The detents 27 (shown in greater detail in FIGS. 2(h) and 2(i)) on the tabs of the top portion are adapted to engage respective engagement members 48, 49 provided on a portion of a card guide enclosure 41, as shown in FIGS. 4(a)-(i) and 5(a)-(b) and as discussed in further detail below. The detents 27 may have a cross-section having any shape so long as the detents are engageable with the engagement members of the enclosure. In the embodiment illustrated in FIGS. 2(h) and 2(i), the detents preferably have a parabolic cross-section for ease in engaging the engagement members of the enclosure and may have any suitable diameter (e.g., 0.30 inches) and height (e.g., 0.050 inches above the horizontal) so as to securely engage openings formed in the engagement members and to be fitted to the frame. As mentioned above and as shown in FIG. 2(g), the second side of the top portion includes a plurality of tongues 28 designed to be inserted into slots formed in the enclosure.

Referring to FIGS. 3(a)-3(i), the bottom portion 30 of the card guide includes a frame having a bottom panel 31 and first and second sidewalls 32, 33 attached to and vertically extending from first and second ends of the bottom panel. The bottom portion similarly to the top portion described above is also preferably integrally formed of steel. However, aluminum or other lightweight durable materials may also be used as discussed above.

As shown in FIG. 3(b), a first sidewall of the bottom portion of the card guide has self locking clinch nuts 34 or the like at the upper portion of the sidewall similarly to the top portion described above. The self-locking clinch nuts are used for securing the backplane to the rear of the card guides. The individual PCBs slide in the grooves formed in the bottom portion of the card guide and connect to the backplane. The second sidewall opposes the first sidewall and is substantially S-shaped for accommodation of the ejector mechanisms (not shown) on the front of selected PCBs.

As shown in FIGS. 3(a) and 3(d), the frame has a plurality of openings 35 provided therein. As mentioned above, the openings may have any shape (i.e., oval, circular, polygonal, etc.) and are utilized for cooling purposes. The openings 35 allow fluid to flow therethrough so as to cool the cards received by the card guide frames.

As shown in FIG. 3(d), the openings 35 in the bottom portion similarly to the top portion described above are preferably arrayed in a plurality of rows along the length of the frame but may have any arrangement so long as the rows are substantially symmetrical with each other and such that the cards may be fitted on the frame between adjacent openings in a first row and corresponding adjacent openings in a second row. Further, the openings are formed so as to be symmetrical with the openings in the top portion when the card guide is constructed. The openings may have any suitable diameter so long as the cards are adequately cooled. As mentioned above, twenty three standard VME cards can be accommodated by the card guide.

The outer edges of the openings 35, as shown in greater detail in FIGS. 3(e), 3(d) and 3(g), are beaded to form flanges for guiding and holding the printed circuit cards inserted into the card guide. The flanges preferably form a slot having a U-shaped cross-section and have a size such that the thickness of a desired (i.e., a standard VME card) printed circuit board may be reliably engaged therein. However, the flanges can have any shape or thickness so long as the printed circuit boards are reliably held thereby and such that the industry standard for the size of the boards is met. The spacing between the cards is the same as the top portion of the card guide.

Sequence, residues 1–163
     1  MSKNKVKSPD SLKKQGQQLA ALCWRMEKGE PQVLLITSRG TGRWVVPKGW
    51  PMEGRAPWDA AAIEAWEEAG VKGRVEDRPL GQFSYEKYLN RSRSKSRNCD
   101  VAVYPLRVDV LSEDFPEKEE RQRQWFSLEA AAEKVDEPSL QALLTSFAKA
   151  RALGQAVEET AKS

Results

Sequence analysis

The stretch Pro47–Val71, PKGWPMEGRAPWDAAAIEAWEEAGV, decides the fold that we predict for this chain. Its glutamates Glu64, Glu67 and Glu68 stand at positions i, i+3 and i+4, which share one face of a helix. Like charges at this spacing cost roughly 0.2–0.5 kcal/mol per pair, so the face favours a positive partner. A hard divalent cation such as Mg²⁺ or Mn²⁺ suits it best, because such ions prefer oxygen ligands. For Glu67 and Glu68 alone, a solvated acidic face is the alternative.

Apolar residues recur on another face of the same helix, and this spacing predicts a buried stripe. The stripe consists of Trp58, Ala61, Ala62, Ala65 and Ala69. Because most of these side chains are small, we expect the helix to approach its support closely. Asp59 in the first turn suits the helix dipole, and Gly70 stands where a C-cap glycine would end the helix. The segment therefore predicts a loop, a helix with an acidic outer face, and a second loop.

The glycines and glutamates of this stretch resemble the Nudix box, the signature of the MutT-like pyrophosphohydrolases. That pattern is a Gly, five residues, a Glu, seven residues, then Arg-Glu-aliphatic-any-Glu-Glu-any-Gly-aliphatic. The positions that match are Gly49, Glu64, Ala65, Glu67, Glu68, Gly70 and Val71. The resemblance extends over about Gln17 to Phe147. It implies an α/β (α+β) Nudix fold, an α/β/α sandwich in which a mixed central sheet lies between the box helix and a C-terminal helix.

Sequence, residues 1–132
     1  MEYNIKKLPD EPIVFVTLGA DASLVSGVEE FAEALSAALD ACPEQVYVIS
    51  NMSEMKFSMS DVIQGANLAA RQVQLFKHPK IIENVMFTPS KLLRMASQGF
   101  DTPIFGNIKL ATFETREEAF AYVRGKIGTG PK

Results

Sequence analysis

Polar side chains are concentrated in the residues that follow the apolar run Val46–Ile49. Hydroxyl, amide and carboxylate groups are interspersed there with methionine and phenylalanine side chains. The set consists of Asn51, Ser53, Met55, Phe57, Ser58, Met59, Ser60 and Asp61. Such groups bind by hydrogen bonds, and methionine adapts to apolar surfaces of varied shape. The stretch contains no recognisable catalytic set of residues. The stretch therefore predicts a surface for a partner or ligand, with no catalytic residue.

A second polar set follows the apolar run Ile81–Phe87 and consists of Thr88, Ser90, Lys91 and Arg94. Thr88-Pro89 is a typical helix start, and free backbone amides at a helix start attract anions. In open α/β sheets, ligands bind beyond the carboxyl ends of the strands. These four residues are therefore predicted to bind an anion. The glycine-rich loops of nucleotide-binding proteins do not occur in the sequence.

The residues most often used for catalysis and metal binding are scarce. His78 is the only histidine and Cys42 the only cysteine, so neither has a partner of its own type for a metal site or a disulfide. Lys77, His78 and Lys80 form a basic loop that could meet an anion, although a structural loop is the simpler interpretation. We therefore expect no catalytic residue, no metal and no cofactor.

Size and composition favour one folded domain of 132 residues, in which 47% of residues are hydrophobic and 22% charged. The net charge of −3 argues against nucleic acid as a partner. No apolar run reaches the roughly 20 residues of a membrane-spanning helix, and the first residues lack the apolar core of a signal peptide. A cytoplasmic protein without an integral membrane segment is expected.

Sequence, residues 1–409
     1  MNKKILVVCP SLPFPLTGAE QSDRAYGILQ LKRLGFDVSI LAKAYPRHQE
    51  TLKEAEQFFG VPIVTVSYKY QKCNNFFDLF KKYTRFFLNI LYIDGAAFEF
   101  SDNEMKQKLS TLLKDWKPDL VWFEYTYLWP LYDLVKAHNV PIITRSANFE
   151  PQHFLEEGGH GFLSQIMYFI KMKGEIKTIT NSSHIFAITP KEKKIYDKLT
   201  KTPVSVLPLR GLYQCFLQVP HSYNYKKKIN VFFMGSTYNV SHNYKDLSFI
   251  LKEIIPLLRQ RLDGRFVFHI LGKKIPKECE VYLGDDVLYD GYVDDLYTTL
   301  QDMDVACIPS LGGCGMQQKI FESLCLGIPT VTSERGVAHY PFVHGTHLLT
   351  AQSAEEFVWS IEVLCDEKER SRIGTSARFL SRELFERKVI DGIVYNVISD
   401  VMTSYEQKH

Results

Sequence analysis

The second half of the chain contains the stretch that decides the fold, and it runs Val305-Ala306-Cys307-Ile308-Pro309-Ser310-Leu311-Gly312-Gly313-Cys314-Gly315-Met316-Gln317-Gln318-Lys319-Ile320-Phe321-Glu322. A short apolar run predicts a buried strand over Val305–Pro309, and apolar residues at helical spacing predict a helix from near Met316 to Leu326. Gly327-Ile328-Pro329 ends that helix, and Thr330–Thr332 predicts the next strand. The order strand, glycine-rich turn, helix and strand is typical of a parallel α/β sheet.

As mentioned above, unlike the conventional screw-in card guides, the present invention requires no screws or washers for its assembly and mounting in a card guide enclosure. Instead, a locking mechanism is formed preferably in the card guide frame (i.e., in the top portion as described above and in the bottom portion as discussed below) and is adapted to engage a portion of the card guide enclosure. As such, assembly and disassembly of the card guide into and from the enclosure is made much easier over that of the conventional systems.

More specifically, the frame of the bottom portion has a plurality of tabs 36 (i.e., in the embodiment illustrated in FIG. 3(a), four tabs are shown), with each tab having a detent 37. The tabs 36 on a first side of the bottom portion (i.e., as shown in FIG. 3(b)) may be offset from the tabs on a second side of the bottom portion depending on the configuration of the enclosure 40. In the present embodiment, the tabs are constructed to be offset from one another to fit around various parts in the enclosure (i.e., fans, connectors, wires, etc.). Depending upon the environment of the enclosure and the peripheral components housed therein, the tabs may not have to be offset.

The tabs 36 are formed so as to be resilient similarly to the tabs 26 of the top portion and may be formed in some or all of the respective corners of the frame. The detents 37 (shown in greater detail in FIGS. 3(h) and 3(i)) on the tabs of the bottom portion are adapted to snap into respective engagement members provided in a portion of the card guide enclosure, as shown in FIGS. 4(a)-4(i) and 5(a)-5(b). Similarly to the detents in the top portion of the card guide, the detents may have a cross-section having any shape and dimensions so long as the detents are engageable with the engagement members formed in the enclosure.